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article imageIs GPS ruining our brains?

By Tim Sandle     Jun 13, 2019 in Science
London - Do our brains work differently when we are using GPS? The answer is yes, according to a new study. The research was conducted in virtual reality, where some visitors navigated using a GPS device and others who navigated using a map.
During the study, as the Washington Post reports, scientists required participants to navigate around a virtual simulation of London’s Soho district. As they did so, the research team assessed levels of brain activity, focusing on the hippocampus.
The research, from University College London, found that people who were guided by GPS directions showed less activity in their brains compared with other study participants, who did not use a GPS equipped device.
The reason for looking into the hippocampus is because this brain region is integral to spatial navigation, as confirmed by neuropsychology, neuroimaging and electrophysiology . The hippocampus is also part of the limbic system, and plays important roles in the consolidation of information from short-term memory to long-term memory. The brain contains two hippocampi, and it is the dorsal hippocampus that serves for spatial memory, verbal memory and the learning of conceptual information.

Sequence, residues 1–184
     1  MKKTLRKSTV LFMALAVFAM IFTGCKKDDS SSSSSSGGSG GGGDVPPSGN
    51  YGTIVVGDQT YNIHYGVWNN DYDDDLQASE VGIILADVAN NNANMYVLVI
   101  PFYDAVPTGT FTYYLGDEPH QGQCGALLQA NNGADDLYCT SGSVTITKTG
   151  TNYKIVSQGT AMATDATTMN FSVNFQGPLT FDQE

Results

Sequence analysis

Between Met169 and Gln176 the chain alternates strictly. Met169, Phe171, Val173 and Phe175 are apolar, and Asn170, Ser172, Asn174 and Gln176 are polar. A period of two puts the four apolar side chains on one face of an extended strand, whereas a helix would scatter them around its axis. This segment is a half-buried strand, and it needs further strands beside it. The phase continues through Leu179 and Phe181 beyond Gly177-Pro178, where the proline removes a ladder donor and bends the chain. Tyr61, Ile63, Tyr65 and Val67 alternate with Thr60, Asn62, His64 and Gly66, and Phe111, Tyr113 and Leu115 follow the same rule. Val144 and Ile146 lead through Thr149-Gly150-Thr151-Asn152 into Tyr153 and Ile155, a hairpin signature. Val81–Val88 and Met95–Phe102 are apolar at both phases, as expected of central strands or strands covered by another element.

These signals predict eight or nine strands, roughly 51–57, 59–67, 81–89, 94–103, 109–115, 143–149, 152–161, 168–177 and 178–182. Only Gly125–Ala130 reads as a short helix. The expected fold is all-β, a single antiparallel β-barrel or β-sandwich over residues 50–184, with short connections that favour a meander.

The study confirmed that the hippocampus forms an internal map of the environment and this map becomes active only when a person is engaged in navigating. No reaction occurs when someone is simply following the instructions from a GPS device. The variations with the brain were assessed using functional magnetic resonance imaging.
The researchers conclude that the hippocampus functions to encode two different maps of the environment. The first of these tracks the distance to the final destination and this is encoded by the frontal region of the hippocampus. The second tracks the “true path” to the goal and is encoded by its rear region.
According to lead researcher Dr. Amir-Homayoun Javadi: "Understanding how the environment affects our brain is important. My research group is now exploring how physical and cognitive activity affect brain activity in a positive way. Satnavs clearly have their uses and their limitations."
The research is published in the journal Nature Communications, with the research paper titled "Hippocampal and prefrontal processing of network topology to simulate the future."
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